Cancer immunotherapy seeks to harness the immune system to assist in the destruction of tumours and to prevent their recurrence. There has been significant interest in the field of cancer immunotherapy stemming from recent clinical success in prolonging patient survival with novel compounds. The ability to apply these appropriately has resulted from a greater understanding of the immune dysfunction that is characteristic of cancer. One area in which there have been breakthroughs has been in the area of checkpoint inhibitors, which are compounds that target key regulatory molecules of the immune system. Yervoy® (anti CTLA 4, or ipilumumab, developed by Bristol Myers Squibb) was the first compound in this class to be approved for use in advanced metastatic melanoma. In cancer, these regulators (CTLA 4, PD 1 and its ligand PD L1) act to inhibit CD8 T cell-mediated anti-tumour immune responses that are crucial for tumour control. Monoclonal antibodies that target PD 1 and PD L1 have shown unusual efficacy in cancer patients, with a significant percentage of patients experiencing durable response to these therapies. Several of these compounds are in advanced clinical trials, with one compound, Merck’s KEYTRUDA® (pembrolizumab), having received FDA approval in September of 2014 for advanced melanoma patients who have stopped responding to other therapies. Bristol Myers Squibb’s compound nivolumab (Opdivo®) has also been approved in the United States and Japan. These therapies have recently been approved for use in other advanced cancers including bladder cancer, non-small cell lung cancer, Hodgkin’s Lymphoma, squamous cell carcinoma of the head and neck and stomach cancer. In addition, KEYTRUDA® in particular has been approved for use in cancers with a specific molecular indication irrelevant of cancer type, having been approved in May for use to treat solid tumours having a biomarker for microsatellite instability (MSI-H), which is a defect in the DNA repair pathway. This represents about 5% of a number of different tumour types, including colorectal, breast, prostate, and thyroid cancers. Key opinion leaders in the field have indicated that the ideal combination, with checkpoint inhibitors, is likely to be a therapy that drives tumour specific immune responses. These include novel T cell-based therapies. These therapies fit well with checkpoint inhibition therapy because they simultaneously activate strong tumour-specific T cell activation, while also releasing the brakes on immune suppression. The success of such combinations should allow pharmaceutical companies to significantly expand the market of their checkpoint inhibitors.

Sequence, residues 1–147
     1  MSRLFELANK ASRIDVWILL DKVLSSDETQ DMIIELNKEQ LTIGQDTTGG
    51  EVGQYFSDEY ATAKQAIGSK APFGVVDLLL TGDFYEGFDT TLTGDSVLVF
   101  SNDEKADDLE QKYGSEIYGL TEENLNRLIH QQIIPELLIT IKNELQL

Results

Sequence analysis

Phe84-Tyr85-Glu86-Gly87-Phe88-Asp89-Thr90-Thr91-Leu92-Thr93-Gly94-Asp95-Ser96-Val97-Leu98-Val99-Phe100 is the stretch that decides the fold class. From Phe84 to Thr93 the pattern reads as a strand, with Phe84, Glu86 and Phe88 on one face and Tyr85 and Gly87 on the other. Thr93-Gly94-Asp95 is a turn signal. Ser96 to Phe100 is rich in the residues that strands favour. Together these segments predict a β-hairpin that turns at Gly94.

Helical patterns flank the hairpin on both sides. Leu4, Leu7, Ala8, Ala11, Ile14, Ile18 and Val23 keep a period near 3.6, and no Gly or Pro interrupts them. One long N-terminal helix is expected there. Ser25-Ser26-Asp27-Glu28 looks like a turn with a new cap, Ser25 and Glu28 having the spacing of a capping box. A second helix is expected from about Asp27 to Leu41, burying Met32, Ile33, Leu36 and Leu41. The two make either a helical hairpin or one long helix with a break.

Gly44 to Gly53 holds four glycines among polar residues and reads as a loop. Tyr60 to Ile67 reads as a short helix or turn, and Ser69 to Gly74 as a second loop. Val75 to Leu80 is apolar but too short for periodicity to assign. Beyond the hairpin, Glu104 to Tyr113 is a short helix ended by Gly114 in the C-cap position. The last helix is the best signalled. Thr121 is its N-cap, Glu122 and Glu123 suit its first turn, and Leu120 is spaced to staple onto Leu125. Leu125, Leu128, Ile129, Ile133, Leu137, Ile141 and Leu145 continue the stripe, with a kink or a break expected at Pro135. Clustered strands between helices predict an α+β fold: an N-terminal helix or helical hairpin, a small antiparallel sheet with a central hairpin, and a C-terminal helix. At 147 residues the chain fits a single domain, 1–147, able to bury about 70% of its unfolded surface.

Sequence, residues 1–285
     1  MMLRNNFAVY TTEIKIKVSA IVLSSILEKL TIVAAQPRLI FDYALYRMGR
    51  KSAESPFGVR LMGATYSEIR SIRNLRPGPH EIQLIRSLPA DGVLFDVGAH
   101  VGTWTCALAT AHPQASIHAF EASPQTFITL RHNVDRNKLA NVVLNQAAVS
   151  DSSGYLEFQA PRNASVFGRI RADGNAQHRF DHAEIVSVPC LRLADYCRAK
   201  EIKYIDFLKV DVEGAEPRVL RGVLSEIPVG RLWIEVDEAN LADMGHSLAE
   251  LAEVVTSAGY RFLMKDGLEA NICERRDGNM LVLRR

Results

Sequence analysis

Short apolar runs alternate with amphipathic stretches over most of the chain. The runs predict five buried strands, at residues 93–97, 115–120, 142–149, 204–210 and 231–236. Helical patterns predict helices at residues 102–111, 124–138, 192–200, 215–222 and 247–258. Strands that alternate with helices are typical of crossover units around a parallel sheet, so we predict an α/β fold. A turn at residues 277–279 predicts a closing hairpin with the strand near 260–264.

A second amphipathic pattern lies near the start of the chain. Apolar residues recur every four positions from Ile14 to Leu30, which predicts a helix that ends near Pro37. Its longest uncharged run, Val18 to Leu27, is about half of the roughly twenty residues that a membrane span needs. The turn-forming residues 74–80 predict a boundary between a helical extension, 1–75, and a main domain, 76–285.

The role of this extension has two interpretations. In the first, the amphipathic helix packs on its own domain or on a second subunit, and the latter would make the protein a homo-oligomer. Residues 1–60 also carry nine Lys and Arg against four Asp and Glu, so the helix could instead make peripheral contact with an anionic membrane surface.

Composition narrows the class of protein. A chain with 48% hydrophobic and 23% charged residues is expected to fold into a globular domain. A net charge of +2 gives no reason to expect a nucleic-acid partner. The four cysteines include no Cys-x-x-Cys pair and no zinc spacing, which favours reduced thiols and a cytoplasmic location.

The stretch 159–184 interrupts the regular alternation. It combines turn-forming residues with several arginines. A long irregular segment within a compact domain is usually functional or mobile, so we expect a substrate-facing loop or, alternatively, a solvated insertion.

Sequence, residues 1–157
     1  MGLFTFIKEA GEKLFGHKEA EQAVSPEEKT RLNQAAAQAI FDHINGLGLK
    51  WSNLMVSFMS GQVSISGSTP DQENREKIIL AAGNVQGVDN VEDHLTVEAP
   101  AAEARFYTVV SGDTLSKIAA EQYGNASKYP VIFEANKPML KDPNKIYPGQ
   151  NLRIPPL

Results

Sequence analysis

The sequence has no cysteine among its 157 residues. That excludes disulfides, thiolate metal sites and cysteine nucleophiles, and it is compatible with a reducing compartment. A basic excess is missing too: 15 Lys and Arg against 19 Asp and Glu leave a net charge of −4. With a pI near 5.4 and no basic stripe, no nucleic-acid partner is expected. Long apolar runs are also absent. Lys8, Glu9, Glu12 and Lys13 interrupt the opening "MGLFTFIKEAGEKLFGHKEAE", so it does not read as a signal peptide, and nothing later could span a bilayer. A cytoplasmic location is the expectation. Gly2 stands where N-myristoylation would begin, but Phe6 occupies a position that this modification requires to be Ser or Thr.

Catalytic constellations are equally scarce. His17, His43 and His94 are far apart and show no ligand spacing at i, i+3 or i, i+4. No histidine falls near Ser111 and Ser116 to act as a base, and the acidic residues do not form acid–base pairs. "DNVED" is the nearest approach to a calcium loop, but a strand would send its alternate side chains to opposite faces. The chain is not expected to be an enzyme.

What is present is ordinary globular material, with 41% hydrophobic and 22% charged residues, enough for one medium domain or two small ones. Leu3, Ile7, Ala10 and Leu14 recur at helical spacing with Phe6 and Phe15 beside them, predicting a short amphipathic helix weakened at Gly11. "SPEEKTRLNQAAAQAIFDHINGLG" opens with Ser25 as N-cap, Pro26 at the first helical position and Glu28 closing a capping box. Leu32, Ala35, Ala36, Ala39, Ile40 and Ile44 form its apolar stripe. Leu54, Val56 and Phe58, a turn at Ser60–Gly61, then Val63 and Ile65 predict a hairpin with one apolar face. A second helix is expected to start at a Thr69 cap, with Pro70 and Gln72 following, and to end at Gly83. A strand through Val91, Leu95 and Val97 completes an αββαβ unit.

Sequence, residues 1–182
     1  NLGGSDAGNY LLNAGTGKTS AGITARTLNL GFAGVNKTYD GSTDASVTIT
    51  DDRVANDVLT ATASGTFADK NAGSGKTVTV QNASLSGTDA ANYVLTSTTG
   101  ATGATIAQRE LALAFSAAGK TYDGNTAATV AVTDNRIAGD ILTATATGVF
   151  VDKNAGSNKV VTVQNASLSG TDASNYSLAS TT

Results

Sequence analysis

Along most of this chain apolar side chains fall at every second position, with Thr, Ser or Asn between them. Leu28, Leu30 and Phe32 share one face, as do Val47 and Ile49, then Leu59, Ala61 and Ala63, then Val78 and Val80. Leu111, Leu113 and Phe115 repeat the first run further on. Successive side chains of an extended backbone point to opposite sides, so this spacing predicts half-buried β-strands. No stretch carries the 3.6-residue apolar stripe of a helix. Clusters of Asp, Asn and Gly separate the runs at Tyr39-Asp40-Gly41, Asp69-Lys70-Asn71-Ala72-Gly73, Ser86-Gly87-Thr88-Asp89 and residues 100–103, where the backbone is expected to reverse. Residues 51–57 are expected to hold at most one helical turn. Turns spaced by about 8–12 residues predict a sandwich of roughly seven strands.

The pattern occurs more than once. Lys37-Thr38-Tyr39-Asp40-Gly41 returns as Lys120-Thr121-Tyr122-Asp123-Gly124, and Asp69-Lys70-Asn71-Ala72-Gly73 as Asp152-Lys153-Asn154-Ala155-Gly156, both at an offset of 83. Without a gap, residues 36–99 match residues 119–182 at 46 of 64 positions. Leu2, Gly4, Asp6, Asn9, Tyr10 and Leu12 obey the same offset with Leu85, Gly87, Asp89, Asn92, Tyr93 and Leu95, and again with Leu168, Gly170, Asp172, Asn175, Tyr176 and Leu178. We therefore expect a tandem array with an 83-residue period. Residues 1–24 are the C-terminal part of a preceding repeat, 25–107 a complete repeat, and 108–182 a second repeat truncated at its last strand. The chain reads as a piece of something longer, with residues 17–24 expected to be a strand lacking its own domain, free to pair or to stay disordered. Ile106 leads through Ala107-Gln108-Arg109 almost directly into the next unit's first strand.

The Corporation believes that T cell therapies will become an important component of these novel combination immunotherapies, with the potential of synergistic benefits to become an essential part of a multi-pronged approach for the treatment of cancer.